We have a name for the great subject of our lives, which is “Life”,  but the name normally goes “unspoken” as we simply live with each individual perhaps having varying degrees of consciousness or ignorance of the name. We don’t so much talk about life, we simply live life. But for Andrew Bird the main reason we may not “talk” so much about life is because of the difficulty of knowing what to say about it. “Twisted and broken weather vanes” signifies the measuring of life. Weather vanes indicate and in a sense measure the wind, so here, since they are “twisted and broken” Andrew Bird seems to signify that our technologies for “indicating” or “measuring” life are not capable of correctly doing so. Can “life” be accurately measured by the technological instruments that we have crafted with our own hands? Notwithstanding this “difficulty” of measuring life, Andrew Bird simply encourages us to “soldier on.”

Flailing to the whir of a snack machine

And muted screams of an old regime

Why we need to “soldier on” becomes even more explicit, because our failed “technologies” leave us “flailing” which probably signifies aimless movement. This is because what our technologies actually communicate to us regarding the “Life” they are measuring amounts to the significance of “the whir of a snack machine” and the joy of the “muted screams of an old regime.” Andrew Bird seems here to provide a serious indictment on our human technologies that have monopolized life with the equally disastrous and disheartening consequences seen in the extremes of mere triviality and genocidal regimes. (For the latter, one example is the technologies of gassing showers and labor camps of the Nazi regime.) It is also worth noting here that “old regime” probably refers to the “old” technological (modernistic) way of understanding “Life.”

And then oh

Something gets in it

The nightshade gets in it

Thankfully, “Life” can save us from such a dismal life given by “the old regime” because “something gets in it.” What gets in it is “the nightshade.” The first thing to note here is simply that nightshade is an “organic” thing, a plant to be specific. What our technologies lack is the recognition that they are actually in the hands of something “organic” that is greater. The “organic” may include the ideas of “Life” as alive, growing, tenacious, tender, and beautiful. But we allow our own technology to dominate and dehumanize us by using it to measure ourselves. (This was what I think the song “Nomenclature” was about.) But invariably the organic “nightshade gets in it.” The second thing to note here is that nightshade is usually thought of as “deadly” as in poisonous. Andrew Bird seems to be saying that we need a strong medicine, in essence something so powerful that it will kill us in our relation to “the old regime.” The nightshade here seems equivalent to the “calculated blow to the head” that was needed “to light the eyes of all the harmless sociopaths” in “Oh No.” In similar fashion, as the blow to the head does not kill us but enlightens us instead, so the “deadly nightshade”does not kill us but awakens us instead.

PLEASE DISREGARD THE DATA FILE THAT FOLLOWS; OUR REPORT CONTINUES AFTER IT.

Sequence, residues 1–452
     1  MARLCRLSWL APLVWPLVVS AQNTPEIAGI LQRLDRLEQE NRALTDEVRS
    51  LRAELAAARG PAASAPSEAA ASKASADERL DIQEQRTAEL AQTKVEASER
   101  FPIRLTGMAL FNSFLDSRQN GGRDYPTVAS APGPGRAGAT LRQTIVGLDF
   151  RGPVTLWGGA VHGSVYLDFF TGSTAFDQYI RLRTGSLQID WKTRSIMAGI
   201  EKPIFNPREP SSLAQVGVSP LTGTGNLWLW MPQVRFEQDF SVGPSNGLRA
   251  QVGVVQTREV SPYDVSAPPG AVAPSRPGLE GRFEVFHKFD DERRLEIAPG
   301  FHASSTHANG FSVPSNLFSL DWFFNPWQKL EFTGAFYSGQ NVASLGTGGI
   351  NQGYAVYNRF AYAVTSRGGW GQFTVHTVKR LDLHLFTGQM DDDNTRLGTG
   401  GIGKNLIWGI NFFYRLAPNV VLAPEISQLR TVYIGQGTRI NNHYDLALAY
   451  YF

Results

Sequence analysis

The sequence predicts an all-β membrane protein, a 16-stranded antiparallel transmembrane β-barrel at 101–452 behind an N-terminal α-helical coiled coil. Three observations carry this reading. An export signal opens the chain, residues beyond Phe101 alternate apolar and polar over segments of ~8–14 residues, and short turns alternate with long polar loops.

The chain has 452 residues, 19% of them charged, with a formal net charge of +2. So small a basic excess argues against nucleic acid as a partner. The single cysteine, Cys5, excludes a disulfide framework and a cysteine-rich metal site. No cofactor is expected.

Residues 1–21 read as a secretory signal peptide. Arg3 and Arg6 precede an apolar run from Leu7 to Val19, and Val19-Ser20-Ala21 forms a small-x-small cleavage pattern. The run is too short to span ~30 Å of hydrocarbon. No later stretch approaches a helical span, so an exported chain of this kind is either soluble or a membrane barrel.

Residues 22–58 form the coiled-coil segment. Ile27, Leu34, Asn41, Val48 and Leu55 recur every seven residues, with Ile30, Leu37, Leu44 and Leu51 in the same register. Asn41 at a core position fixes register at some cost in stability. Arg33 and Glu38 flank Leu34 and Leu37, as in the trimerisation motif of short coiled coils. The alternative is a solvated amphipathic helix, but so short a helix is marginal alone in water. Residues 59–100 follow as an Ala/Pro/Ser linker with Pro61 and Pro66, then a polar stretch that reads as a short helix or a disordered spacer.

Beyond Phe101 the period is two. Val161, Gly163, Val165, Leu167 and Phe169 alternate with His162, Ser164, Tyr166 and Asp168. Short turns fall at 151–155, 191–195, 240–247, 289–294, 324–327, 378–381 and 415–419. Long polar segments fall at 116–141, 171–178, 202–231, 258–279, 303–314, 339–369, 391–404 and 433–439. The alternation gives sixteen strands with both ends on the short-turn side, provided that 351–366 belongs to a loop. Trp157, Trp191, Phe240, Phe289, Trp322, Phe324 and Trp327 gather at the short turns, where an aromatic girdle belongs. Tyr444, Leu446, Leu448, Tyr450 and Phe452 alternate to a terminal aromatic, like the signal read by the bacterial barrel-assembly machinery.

We were all fast asleep

Were all so fast asleep

But you woke us

You woke us

from the strangest dream

that an aubergine

could ever know

would ever know

would ever know

The repetition in the first two sentences shows how deeply “asleep” we had become.  We were “unconscious” in regard to the awareness of “Life” under the propaganda of the old regime. But someone woke us! Who was it. I was tempted to say “who else but God?” But I think that the you is referring to the subject of the song, namely “Life.” (Of course I am not saying, and I think that Andrew Bird is not saying, that God is not the Creator and sustainer of Life and made it so that it “wakes us up.”) Life itself wakes us from the “strangest dream, which of curse is what actually happens when we dream and awake. What wakes us each time we sleep? I would answer that “Life” wakes us. (It is extremely interesting how fluidly the images change in this wondrous song, and how we enter into the different modes of existence in the metaphors provided. Life coming and going in episodes morphs into life in an old regime which morphs into dreaming the strangest dream while sleeping, etc.)  And now the song morphs into what an eggplant (aubergine) dreams about: nothing! It seems that aubergine, which obviously rhymes with “old regime” is fitting not merely for the phonics, but because it pictures the subjects of the old regime as “vegetables.” Just previously something “organic” was seen as a positive metaphor, but this “organic” vegetable is certainly a negative one. People are not vegetables and if their mind behaves as such, it is not thought to be a good sign of life. To complete the meaning of the metaphor, it seems that Andrew Bird is saying that people were awakened from the the strangest “dream” that they have the capacity to know, both now (“could ever now”) or at any time in the future (“would ever know”). Therefore it seems that the strangest thing people could ever conceive of is that they are only what they “knew” under the old regime of technology! (Of course remember here that this technology is really the “scientism” we have mentioned in the previous posts.)